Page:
Windows Device Stats: Windows 10 Mobile and HP Elite x3 Both Stumble in October

Posted on October 21, 2016 by Paul Thurrott in Windows 10, Windows Phones with 105 Comments

Windows Device Stats: Windows 10 Mobile and HP Elite x3 Both Stumble in October

More bad news for Windows phone fans: According to the latest usage stats, Windows 10 Mobile growth has ended. And that shiny new HP Elite x3? It is off to a terrible, terrible start.

As always, this month’s look at Windows Device usage comes from AdDuplex, which bills itself as the largest cross-promotion network for Windows phone and Windows apps. AdDuplex empowers developers and publishers to promote their apps for free by helping each other. And each month it provides a glimpse at which Windows phone devices people are actually using. And this month, the data includes PCs too.

Here’s what we learned this month. I’ll get the bad news out of the way first, since it’s basically the only news.

Windows 10 Mobile growth is over. Last month, AdDuplex predicted that growth in Windows 10 Mobile usage was about to hit a wall, and this month they were proven right: As a percentage of all Windows phone OSes in use, Windows 10 Mobile has landed at 13.7 percent, barely changed from last month. This means that the base of devices that can be upgraded has been and that no one is buying new Windows 10 Mobile devices. That’s all she wrote, folks.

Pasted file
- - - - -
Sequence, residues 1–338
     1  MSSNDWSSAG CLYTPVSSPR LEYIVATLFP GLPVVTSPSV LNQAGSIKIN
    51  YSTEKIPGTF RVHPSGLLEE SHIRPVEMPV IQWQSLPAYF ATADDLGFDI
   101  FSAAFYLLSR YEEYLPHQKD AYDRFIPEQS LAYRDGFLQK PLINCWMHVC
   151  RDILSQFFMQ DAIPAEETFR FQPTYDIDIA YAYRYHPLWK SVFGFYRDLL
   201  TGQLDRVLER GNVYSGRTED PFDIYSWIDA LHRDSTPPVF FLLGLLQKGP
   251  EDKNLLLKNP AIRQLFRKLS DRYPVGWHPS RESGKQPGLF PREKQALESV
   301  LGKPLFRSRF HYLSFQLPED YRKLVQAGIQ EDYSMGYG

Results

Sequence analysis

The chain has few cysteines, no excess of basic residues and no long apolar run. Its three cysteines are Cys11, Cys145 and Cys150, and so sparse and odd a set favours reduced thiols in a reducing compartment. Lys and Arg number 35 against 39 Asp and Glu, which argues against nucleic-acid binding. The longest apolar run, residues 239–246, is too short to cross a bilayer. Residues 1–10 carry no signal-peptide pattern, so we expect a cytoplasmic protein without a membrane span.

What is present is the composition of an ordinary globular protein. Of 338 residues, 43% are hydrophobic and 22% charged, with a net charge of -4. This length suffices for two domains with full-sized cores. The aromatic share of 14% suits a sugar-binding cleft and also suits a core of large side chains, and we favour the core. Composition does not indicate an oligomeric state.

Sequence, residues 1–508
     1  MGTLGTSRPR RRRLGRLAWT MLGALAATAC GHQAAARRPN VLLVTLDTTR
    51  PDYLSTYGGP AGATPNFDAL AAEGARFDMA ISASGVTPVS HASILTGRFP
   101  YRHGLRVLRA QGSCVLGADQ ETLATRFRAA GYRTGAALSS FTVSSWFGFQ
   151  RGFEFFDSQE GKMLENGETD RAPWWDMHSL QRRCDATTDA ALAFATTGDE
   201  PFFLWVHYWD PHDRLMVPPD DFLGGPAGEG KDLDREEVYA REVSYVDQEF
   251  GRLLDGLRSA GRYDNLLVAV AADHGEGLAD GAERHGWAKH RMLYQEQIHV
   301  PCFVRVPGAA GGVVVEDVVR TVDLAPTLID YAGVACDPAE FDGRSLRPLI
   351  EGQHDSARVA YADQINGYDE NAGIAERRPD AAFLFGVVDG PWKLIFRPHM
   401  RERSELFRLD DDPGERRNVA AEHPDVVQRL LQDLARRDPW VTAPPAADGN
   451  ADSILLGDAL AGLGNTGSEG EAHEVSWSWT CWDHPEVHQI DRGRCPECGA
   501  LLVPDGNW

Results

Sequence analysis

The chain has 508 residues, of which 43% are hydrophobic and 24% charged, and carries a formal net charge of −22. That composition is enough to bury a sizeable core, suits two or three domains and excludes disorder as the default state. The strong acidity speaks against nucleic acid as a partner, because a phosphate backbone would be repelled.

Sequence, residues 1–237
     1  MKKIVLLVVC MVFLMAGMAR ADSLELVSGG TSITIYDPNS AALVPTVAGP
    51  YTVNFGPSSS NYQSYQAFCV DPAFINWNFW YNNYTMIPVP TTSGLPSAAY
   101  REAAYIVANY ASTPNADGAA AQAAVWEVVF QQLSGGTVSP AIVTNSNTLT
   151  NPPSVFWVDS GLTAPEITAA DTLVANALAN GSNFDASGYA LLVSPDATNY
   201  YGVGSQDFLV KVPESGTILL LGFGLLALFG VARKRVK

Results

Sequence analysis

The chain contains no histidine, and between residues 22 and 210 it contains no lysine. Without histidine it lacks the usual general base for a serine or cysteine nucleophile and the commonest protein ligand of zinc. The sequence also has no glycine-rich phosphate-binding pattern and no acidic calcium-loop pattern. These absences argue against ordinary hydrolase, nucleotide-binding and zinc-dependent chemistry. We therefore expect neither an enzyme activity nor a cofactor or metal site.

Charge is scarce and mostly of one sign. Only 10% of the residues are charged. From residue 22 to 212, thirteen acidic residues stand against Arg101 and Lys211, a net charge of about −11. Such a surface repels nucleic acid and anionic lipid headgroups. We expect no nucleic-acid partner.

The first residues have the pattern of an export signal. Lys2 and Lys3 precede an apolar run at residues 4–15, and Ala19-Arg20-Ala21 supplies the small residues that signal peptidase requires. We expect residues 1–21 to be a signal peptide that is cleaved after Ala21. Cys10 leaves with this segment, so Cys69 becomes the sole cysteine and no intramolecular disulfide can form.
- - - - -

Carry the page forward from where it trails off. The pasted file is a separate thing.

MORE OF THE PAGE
The HP Elite x3 has already failed. I declined to review the well-made but pointless HP Elite x3 for a good reason: No one should be shackled by the Windows phone ecosystem at this point and I’m not going to waste your time—and worse, your money—pretending otherwise. But this thing is failing on its own: The HP Elite x3 lands at number 36 on the usage chart in its debut.

The Elite x3: It’s worse than you think. But Paul, you’re saying. It’s too early to nail the coffin lid shut on the HP Elite x3. No. It’s isn’t: I reached out to AdDuplex for some more data and was told this: In the first month in the overall phone chart in late 2015, the Lumia 950 arrived #38, and the Lumia 950 XL was at #41. (And the 950 was being used “twice as much” as the XL.) Afer a similar period of availability, the Elite x3 came in at #96 on the overall chart this month, AdDuplex told me. That’s not just terrible. It’s non-existent.

HP is the number one PC maker … in usage. Since people always mix up usage share and market share, this can be a teaching moment. Lenovo has been the number one seller of PCs for a few years now, and that’s market share. But according to AdDuplex, HP, with 22 percent of the market, is by far the number one PC maker … in usage share. Lenovo is number two, tied with Dell at 11.6 percent. What this measures, of course, is PCs out in the world being used by people, not the number of PCs sold in any given quarter. So that explains how Lenovo can be number one by one measure (sales) and number two by another (usage).